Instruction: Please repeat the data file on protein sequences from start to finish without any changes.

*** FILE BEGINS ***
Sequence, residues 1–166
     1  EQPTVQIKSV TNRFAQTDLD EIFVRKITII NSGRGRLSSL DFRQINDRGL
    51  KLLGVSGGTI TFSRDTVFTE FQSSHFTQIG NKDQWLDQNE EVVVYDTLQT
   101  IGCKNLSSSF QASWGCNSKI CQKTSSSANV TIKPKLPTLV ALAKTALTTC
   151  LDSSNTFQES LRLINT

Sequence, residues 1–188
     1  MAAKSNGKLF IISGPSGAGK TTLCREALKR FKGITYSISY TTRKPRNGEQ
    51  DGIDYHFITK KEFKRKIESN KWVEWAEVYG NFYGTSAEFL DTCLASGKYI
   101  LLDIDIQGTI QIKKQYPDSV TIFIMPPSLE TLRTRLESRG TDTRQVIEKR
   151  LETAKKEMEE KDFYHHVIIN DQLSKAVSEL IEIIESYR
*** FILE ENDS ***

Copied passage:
Sequence, residues 1–166
     1  EQPTVQIKSV TNRFAQTDLD EIFVRKITII NSGRGRLSSL DFRQINDRGL
    51  KLLGVSGGTI TFSRDTVFTE FQSSHFTQIG NKDQWLDQNE EVVVYDTLQT
   101  IGCKNLSSSF QASWGCNSKI CQKTSSSANV TIKPKLPTLV ALAKTALTTC
   151  LDSSNTFQES LRLINT

Sequence, residues 1–188
     1  MAAKSNGKLF IISGPSGAGK TTLCREALKR FKGITYSISY TTRKPRNGEQ
    51  DGIDYHFITK KEFKRKIESN KWVEWAEVYG NFYGTSAEFL DTCLASGKYI
   101  LLDIDIQGTI QIKKQYPDSV TIFIMPPSLE TLRTRLESRG TDTRQVIEKR
   151  LETAKKEMEE KDFYHHVIIN DQLSKAVSEL IEIIESYR